Precisely because the teachers’ strike has shaken the political and corporate establishment and stoked worker-militancy and self-confidence, the trade union officialdom and the social democratic politicians of the NDP are determined to smother it.

While on several occasions a substantial section of Monday’s 20,000-strong rally took up the chant “general strike, general strike,” the one overriding message of the union leaders addressing the crowd was that if the government would only agree to talks, they would shut the strike down.

“I say to Mr. Campbell on behalf of British Columbians: Get off the high horse and get down to the table and start talking,” declared BCFL President Jim Sinclair.

“All we want from Gordon Campbell and his representatives,” affirmed BCTF President Jinny Sims, “is a (bargaining) table.”

Subsequently, Sims revealed to the press that the union leaders and government are already involved in backroom negotiations on a deal that would leave all the teachers’ key demands unmet—the rescinding of a two-year wage freeze, the restoration of the legal right to strike, and the right to bargain over such issues as class sizes—leave teachers potentially open to savage reprisals, and allow the Campbell Liberal government to remain in office to pursue its class war agenda.

Sims told the Vancouver Sun, “We’ve gone so far in getting the government to the table that now they have to make a move.”

If the labour bureaucrats have sanctioned one-day walkouts, it is with hopes of boosting their credibility with the rank-and-file so as to better to corral the teachers back to work and snuff out the challenge to the authority of the Liberal government.

This was starkly revealed in comments made by BC NDP leader Carole James to reporters during Monday’s rally. Two weeks ago James urged teachers to abide by the law and remain on the job. But she and the NDP have since postured as supporters of the teachers, while claiming that the teachers’ struggle to defend public education can be reconciled with the government’s big business agenda if the two sides would just talk.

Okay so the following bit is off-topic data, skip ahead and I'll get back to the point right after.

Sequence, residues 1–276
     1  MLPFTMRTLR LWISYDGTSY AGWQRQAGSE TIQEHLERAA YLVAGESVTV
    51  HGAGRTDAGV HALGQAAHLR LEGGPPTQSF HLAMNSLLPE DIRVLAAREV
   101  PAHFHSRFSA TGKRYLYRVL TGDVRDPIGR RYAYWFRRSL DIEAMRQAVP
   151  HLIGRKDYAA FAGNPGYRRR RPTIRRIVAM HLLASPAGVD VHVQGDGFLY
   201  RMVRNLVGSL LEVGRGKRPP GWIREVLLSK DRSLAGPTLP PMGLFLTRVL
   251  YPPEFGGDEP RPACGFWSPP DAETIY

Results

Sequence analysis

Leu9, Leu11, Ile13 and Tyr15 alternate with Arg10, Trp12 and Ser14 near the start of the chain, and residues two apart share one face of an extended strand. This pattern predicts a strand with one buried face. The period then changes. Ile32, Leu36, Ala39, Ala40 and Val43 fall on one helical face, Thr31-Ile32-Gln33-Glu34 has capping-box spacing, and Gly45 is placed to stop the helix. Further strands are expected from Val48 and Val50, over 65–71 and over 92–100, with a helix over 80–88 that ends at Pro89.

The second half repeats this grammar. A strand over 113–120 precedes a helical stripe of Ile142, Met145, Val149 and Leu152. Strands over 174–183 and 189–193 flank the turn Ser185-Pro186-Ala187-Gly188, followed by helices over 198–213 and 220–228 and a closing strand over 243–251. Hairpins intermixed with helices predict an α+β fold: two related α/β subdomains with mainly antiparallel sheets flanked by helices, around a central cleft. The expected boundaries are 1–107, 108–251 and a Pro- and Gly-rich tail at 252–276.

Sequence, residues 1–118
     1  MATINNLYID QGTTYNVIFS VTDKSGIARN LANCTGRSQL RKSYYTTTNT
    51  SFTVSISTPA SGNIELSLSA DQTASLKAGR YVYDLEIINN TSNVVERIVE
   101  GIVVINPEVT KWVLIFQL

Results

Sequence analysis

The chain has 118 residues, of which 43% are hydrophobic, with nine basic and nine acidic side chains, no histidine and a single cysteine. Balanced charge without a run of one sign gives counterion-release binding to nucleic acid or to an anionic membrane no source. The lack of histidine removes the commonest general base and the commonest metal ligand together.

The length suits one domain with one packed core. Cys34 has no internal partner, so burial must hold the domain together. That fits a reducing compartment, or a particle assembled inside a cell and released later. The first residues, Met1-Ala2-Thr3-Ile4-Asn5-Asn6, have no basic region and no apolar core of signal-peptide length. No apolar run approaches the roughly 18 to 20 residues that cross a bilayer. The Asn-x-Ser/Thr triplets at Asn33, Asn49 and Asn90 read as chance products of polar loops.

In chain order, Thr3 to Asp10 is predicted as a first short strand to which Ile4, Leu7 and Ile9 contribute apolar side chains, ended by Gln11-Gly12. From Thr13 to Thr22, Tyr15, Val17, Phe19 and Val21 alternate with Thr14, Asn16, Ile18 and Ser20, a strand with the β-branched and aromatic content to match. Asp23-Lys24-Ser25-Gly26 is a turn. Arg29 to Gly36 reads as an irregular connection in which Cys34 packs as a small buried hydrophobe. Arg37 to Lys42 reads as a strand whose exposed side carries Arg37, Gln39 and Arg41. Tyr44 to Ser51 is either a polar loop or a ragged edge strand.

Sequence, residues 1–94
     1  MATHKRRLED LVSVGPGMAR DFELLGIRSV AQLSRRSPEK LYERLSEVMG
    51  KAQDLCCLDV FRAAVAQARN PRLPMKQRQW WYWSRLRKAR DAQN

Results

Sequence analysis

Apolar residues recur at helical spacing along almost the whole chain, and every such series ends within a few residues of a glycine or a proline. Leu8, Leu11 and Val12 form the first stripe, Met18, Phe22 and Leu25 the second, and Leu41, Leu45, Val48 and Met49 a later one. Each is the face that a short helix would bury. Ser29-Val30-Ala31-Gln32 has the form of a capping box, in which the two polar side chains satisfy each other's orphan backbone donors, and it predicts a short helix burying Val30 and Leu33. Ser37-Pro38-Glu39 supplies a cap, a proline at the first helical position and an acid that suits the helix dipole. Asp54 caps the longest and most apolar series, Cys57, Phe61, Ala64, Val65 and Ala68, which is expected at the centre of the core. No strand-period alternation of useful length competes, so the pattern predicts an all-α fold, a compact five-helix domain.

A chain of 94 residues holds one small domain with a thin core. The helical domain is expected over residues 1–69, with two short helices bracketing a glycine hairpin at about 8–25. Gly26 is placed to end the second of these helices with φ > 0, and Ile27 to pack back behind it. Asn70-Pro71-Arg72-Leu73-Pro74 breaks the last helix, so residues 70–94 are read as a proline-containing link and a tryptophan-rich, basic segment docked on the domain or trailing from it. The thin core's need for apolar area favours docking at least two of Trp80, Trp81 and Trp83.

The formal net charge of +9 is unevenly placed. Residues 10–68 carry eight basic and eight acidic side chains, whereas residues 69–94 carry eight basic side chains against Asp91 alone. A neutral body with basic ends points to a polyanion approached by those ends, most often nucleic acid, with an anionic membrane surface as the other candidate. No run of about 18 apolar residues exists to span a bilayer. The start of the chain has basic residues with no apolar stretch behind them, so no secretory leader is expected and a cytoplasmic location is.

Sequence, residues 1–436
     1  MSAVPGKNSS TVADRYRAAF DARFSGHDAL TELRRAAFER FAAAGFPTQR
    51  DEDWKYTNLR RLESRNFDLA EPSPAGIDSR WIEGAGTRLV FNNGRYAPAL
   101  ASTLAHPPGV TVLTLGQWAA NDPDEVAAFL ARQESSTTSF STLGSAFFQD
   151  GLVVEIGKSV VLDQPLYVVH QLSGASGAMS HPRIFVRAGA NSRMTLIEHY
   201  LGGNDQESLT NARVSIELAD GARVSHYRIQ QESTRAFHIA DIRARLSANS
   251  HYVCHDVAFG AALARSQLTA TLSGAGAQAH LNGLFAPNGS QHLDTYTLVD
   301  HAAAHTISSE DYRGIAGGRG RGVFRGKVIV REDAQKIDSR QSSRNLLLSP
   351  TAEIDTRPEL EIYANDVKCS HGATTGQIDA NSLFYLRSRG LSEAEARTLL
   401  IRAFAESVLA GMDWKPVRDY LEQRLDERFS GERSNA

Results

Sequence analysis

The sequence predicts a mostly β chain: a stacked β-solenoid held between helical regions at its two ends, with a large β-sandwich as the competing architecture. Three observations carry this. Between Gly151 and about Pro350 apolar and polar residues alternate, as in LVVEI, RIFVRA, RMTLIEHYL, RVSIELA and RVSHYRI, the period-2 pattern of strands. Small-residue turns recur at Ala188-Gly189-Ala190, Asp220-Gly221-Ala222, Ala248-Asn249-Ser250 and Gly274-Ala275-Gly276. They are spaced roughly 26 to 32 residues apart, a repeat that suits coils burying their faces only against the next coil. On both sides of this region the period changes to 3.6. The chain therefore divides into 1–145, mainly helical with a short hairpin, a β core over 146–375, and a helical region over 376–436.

James told the Vancouver Sun Monday: “The government should sit down with the teachers and work out a deal” before the strike mushrooms. “I don’t want to see a general strike. I don’t want to see people not to returning to work. It’s the premier who has to show some leadership and step up to the plate.”

Asked by the Sun why she wasn’t telling teachers to obey the law, James said, “People should follow the law. I’ve made that statement. I’ve made that statement publicly. People accept consequences when they don’t follow the law. Teachers know that ...”

If the teachers’ militant strike is not to be strangled by the labour and NDP leaders as were the 2003 ferry workers’ and 2004 hospital workers’ strikes, rank and file workers must seize control of the strike and impart to it a new and radically different strategy. Above all what must be recognized is that workers face a political struggle not only against the Campbell government, but against the entire political and economic elite. The working class must constitute itself as an independent political force so that it can fight for a program to reorganize society and thereby make social need, not the profits of the few, the animating principle of economic life. Militant industrial action in support of the teachers must be coupled with the struggle to build a new mass workers’ party.